La Loma Cemetery, late 1960s

La Loma Cemetery, late 1960s. © edgarjlaw/Flickr

 

Pavilion in the Chinese Garden, Rizal Park, late 1960s

Pavilion in the Chinese Garden, Rizal Park, late 1960s. © edgarjlaw/Flickr

 

Entrance to the Chinese Garden in Rizal Park, late 1960s

Entrance to the Chinese Garden in Rizal Park, late 1960s. © edgarjlaw/Flickr

 

Ministry of Finance in Rizal Park, late 1960s

Ministry of Finance in Rizal Park, late 1960s. © edgarjlaw/Flickr

 

Pond with waterfall, Rizal Park, late 1960s

Pond with waterfall, Rizal Park, late 1960s. © edgarjlaw/Flickr

 

Pond in Rizal Park, late 1960s

Pond in Rizal Park, late 1960s. © edgarjlaw/Flickr

 

La Madre Pilipinas monument in Rizal Park, late 1960s

La Madre Pilipinas monument in Rizal Park, late 1960s. © edgarjlaw/Flickr

 

Floral clock in Rizal Park, late 1960s

Floral clock in Rizal Park, late 1960s. © edgarjlaw/Flickr

 

Modern art outside the National Library near Rizal Park, late 1960s

Modern art outside the National Library near Rizal Park, late 1960s. © edgarjlaw/Flickr

 

Rabbit Bus Station, Quiapo, Manila, late 1960s

Rabbit Bus Station, Quiapo, Manila, late 1960s. © edgarjlaw/Flickr

 

Manila Air Traffic Control Center, Manila International Airport, 1969

Manila Air Traffic Control Center, Manila International Airport, 1969. © kuyagizmo/Flickr

 

Election Signs, October, 1969

Election Signs, October, 1969. © kuyagizmo/Flickr

 

Luneta Park, Manila, late 1960s

Luneta Park, Manila, late 1960s. © kuyagizmo/Flickr

 

Luneta Park, Manila, late 1960s

Luneta Park, Manila, late 1960s. © kuyagizmo/Flickr

 

Luneta Park, Manila, late 1960s

Luneta Park, Manila, late 1960s. © kuyagizmo/Flickr

 

Luneta Park, Manila, late 1960s

Luneta Park, Manila, late 1960s. © kuyagizmo/Flickr

 

The leaders of the SEATO nations in front of the Congress Building in Manila, hosted by Philippine President Ferdinand Marcos on October 24, 1966.

The leaders of the SEATO nations in front of the Congress Building in Manila, hosted by Philippine President Ferdinand Marcos on October 24, 1966. Frank Wolfe, White House Photo Office.

 

Part II: Zambales.

Baloy Beach in Olongapo, late 1960s.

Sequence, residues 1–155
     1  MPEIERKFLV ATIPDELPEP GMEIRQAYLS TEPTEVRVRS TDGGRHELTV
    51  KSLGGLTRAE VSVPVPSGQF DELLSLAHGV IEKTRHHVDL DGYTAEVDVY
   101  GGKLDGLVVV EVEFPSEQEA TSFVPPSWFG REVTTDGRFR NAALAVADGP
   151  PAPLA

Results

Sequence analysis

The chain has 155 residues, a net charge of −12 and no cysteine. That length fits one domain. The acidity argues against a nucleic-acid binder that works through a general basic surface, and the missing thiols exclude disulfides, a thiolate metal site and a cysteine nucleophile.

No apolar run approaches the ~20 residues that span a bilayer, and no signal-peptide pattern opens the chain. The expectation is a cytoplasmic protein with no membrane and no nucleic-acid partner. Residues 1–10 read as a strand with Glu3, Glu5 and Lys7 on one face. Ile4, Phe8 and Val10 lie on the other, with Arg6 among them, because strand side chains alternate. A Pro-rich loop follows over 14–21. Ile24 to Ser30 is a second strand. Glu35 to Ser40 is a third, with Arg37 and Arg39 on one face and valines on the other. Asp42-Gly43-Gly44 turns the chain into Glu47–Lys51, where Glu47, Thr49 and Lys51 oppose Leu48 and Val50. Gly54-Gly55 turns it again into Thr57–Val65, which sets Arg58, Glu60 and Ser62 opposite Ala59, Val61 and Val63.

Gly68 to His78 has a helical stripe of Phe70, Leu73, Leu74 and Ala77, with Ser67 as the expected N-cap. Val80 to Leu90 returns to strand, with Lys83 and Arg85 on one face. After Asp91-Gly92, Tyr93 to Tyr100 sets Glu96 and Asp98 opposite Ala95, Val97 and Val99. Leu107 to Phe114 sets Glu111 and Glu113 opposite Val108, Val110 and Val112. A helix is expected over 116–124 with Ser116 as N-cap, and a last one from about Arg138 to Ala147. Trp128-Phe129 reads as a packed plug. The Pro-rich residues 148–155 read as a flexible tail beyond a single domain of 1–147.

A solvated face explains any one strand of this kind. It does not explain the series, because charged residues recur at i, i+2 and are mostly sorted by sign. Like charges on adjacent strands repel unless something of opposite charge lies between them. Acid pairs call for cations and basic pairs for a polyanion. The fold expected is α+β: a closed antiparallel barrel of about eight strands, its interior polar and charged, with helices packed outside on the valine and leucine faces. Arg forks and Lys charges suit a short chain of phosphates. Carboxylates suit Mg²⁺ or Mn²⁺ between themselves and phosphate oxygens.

Baloy Beach in Olongapo, late 1960s. © edgarjlaw/Flickr

 

Just south of the intersection of Rizal Ave. and Magsaysay Dr., Olongapo, late 1960s.

Just south of the intersection of Rizal Ave. and Magsaysay Dr., Olongapo, late 1960s. © edgarjlaw/Flickr

 

Base employees (and a few military personnel) streaming out of the Main Gate into Olongapo

Base employees (and a few military personnel) streaming out of the Main Gate into Olongapo. © edgarjlaw/Flickr

 

Rizal Avenue, Olongapo, late 1960s

Rizal Avenue, Olongapo, late 1960s. © edgarjlaw/Flickr

 

Magsaysay Drive looking toward the intersection with Rizal Avenue, Olongapo, late 1960s

Magsaysay Drive looking toward the intersection with Rizal Avenue, Olongapo, late 1960s. © edgarjlaw/Flickr

 

Part III: Pampanga.

Angeles City, Pampanga, late 1960s

Angeles City, Pampanga, late 1960s. © kuyagizmo/Flickr

 

Angeles City, Pampanga, late 1960s

Angeles City, Pampanga, late 1960s. © kuyagizmo/Flickr

 

Angeles City, Pampanga, late 1960s

Angeles City, Pampanga, late 1960s. © kuyagizmo/Flickr

 

BONUS: A Pan Am tour of the Philippines in the 1960s (German narration).

 

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References

Albert, J. (2012). Understanding Changes in the Philippine Population. Philippine Statistics Authority Official Website. Retrieved 15 August 2016, from http://goo.gl/1kDpUI

Coclanis, P. (2013). Asia’s Next Tigers? Burma, the Philippines, and Sri Lanka. World Affairs Journal. Retrieved 15 August 2016, from http://goo.gl/JVfUiu

Fallows, J. (1987). A Damaged Culture: A New Philippines?. The Atlantic. Retrieved 15 August 2016, from http://goo.gl/HFNCqw

Garcia, D. (2009). Life in the Golden 1960s. Cocoy’s Delight. Retrieved 15 August 2016, from https://goo.gl/ZiKiE9

Highlights of the Philippine Population 2015 Census of Population. (2016). Philippine Statistics Authority Official Website. Retrieved 15 August 2016, from https://goo.gl/tdqzJf